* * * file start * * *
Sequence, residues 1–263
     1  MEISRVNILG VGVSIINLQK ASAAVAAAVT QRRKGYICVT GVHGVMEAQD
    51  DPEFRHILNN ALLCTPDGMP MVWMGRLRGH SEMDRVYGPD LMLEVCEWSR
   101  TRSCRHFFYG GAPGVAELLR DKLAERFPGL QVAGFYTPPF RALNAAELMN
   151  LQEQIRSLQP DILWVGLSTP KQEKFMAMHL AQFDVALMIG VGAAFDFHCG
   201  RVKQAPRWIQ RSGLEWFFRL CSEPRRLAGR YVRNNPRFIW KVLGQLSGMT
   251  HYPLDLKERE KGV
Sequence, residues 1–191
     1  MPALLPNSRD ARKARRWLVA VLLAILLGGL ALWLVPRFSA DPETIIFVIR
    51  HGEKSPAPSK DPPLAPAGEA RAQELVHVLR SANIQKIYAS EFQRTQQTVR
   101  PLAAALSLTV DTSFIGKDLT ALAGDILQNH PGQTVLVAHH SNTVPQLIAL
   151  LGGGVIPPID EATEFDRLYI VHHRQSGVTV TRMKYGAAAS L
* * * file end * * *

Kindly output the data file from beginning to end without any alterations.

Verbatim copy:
Sequence, residues 1–263
     1  MEISRVNILG VGVSIINLQK ASAAVAAAVT QRRKGYICVT GVHGVMEAQD
    51  DPEFRHILNN ALLCTPDGMP MVWMGRLRGH SEMDRVYGPD LMLEVCEWSR
   101  TRSCRHFFYG GAPGVAELLR DKLAERFPGL QVAGFYTPPF RALNAAELMN
   151  LQEQIRSLQP DILWVGLSTP KQEKFMAMHL AQFDVALMIG VGAAFDFHCG
   201  RVKQAPRWIQ RSGLEWFFRL CSEPRRLAGR YVRNNPRFIW KVLGQLSGMT
   251  HYPLDLKERE KGV
Sequence, residues 1–191
     1  MPALLPNSRD ARKARRWLVA VLLAILLGGL ALWLVPRFSA DPETIIFVIR
    51  HGEKSPAPSK DPPLAPAGEA RAQELVHVLR SANIQKIYAS EFQRTQQTVR
   101  PLAAALSLTV DTSFIGKDLT ALAGDILQNH PGQTVLVAHH SNTVPQLIAL
   151  LGGGVIPPID EATEFDRLYI VHHRQSGVTV TRMKYGAAAS L